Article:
On the Precipice of a Smile: Humor in Facilitation
“I’m not funny, what I am is brave”
— Lucille Ball
The word is out! Books, articles, Ted Talks and LinkedIn Learning courses all agree. Humor in the workplace is described as a superpower, a key to creating psychological safety, an antidote to stress, a path to building trust, and a fuel of innovation. As I studied up on the use of humor at work, I felt a growing sense of unease: bottom line, I am not very funny.
I asked friends, colleagues, kids, even my dog. The answer was consistent: On a scale of 1–5, I fell at 2.5. They were being kind.
But according to Jennifer Aakers and Naomi Bagdonas, there is hope. In their accessible and funny book Humor, Seriously, they assure us that humor can be learned. That we can, with minor adjustments, harness some of the magic humor offers. They promise that even if our humor doesn’t result in belly laughs, just adding a light-hearted tone, or even a smile, are positives.
Debunking the Four Deadly Humor Myths
According to Aakers and Bagdonas, there are four myths that hold people back from using humor at work:
- The Serious Business Myth — the belief that humor has no place in professional interactions. In truth, levity or humor creates balance.
- The Failure Myth — the belief our humor will disastrously fail. But as long as the joke isn’t at anyone’s expense, the joke still works magic, even if no one laughs.
- The Being Funny Myth — the belief that humor is either laugh-out-loud funny, or not. Actually, laughing at others’ jokes, being ready to lighten the mood, and living “on the precipice of a smile” works wonders.
- The Born With It Myth — the idea you’re either born funny, or not. Research shows humor can be learned.
Find Your Humor Style
Aakers and Bagdonas explain that we all have a natural humor style. There are four — The Magnet, The Sweetheart, The Stand-up, and the Sniper. You can find yours here. Your humor style is where you are most easily and naturally funny. Your style might not be what you expect. For example, I thought for sure my humor style would be “The Sweetheart” (earnest and honest). I was surprised when the results came back strongly as “The Magnet” (uplifting).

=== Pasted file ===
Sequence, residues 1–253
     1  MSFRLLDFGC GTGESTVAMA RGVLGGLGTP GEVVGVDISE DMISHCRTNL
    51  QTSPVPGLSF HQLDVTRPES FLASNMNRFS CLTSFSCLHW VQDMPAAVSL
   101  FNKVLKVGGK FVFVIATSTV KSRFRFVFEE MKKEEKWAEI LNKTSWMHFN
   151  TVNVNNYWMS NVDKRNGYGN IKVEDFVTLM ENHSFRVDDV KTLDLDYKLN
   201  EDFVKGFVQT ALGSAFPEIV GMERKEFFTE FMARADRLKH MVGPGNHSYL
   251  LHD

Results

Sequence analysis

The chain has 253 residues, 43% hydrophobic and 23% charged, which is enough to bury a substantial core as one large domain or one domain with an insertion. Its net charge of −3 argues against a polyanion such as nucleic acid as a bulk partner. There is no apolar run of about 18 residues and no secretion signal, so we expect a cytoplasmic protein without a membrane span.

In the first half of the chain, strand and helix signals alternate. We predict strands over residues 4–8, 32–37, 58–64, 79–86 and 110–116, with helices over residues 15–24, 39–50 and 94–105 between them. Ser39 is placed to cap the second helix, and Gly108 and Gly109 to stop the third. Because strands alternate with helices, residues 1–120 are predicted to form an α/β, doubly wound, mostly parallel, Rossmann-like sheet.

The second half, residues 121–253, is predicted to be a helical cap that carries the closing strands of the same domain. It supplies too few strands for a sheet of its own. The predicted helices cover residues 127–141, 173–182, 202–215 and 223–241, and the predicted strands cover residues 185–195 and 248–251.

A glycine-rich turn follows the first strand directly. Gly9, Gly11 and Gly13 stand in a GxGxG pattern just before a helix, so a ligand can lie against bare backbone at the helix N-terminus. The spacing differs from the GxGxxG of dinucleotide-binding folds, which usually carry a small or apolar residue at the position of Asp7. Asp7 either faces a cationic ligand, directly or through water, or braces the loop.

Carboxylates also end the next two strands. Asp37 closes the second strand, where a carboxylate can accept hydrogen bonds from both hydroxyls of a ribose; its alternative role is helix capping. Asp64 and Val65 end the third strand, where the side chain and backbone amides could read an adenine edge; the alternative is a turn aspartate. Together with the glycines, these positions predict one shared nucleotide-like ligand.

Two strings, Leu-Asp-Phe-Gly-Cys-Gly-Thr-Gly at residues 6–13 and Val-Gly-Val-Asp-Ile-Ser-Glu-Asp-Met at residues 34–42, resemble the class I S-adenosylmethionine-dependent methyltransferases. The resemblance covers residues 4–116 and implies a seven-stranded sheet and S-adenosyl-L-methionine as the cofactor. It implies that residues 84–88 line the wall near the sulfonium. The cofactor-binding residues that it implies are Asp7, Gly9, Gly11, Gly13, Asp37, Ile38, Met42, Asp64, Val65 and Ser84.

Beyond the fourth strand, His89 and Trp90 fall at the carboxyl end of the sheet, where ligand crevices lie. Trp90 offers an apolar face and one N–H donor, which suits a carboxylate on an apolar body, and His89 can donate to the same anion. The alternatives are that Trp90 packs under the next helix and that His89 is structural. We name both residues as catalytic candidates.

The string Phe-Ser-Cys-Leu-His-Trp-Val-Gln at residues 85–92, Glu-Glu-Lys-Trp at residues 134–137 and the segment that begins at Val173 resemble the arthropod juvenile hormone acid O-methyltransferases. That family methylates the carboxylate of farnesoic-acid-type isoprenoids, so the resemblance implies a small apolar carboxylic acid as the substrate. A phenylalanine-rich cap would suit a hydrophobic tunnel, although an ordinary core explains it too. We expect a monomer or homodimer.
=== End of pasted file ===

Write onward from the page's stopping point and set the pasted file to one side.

Simple Techniques to Introduce Humor
Big laughs are great, but even small moments of playfulness can contribute to a culture of levity. Try the following suggestions:
- Be generous with your laughter (laughter has high emotional contagion).
- Notice things that make you smile and share these with others.
- Find moments for your teams to showcase hidden talents, quirks, and personal passions.
- When you sense a smile approaching, invite it in!
When Funny Isn’t Funny
As we all know, humor can be inappropriate, derogatory, hurtful, and offensive. There is no place at work, or anywhere, for humor that is identity based, uses stereotypes, or makes fun of others. When we witness that kind of “humor” it is important to speak up.
While humor has the power to forge a feeling of connection, it can also divide. Does your joke require insider knowledge? Does it rely on cultural references that exclude some from understanding the joke? Avoid humor that comes at someone else’s expense. Sensitivity and empathy are required.
Humor in Practice
I have spent the past few weeks looking for sparks of levity. In meetings, during trainings, chatting with colleagues, even checking out at the grocery store. When I spot one, I approach, add a little kindling in the form of a smile, a chuckle, an appreciative phrase, and gently fan the flames. The results? Many smiles, a couple of chuckles, and once or twice, even during a zoom session, folks have laughed out loud. I’ll call that a win!
Jodi Kline is a Learning Design and Delivery Professional with Workforce Learning and Performance at the Washington State Department of Enterprise Services (DES). She is honored to facilitate leadership development trainings for supervisors and managers across the enterprise.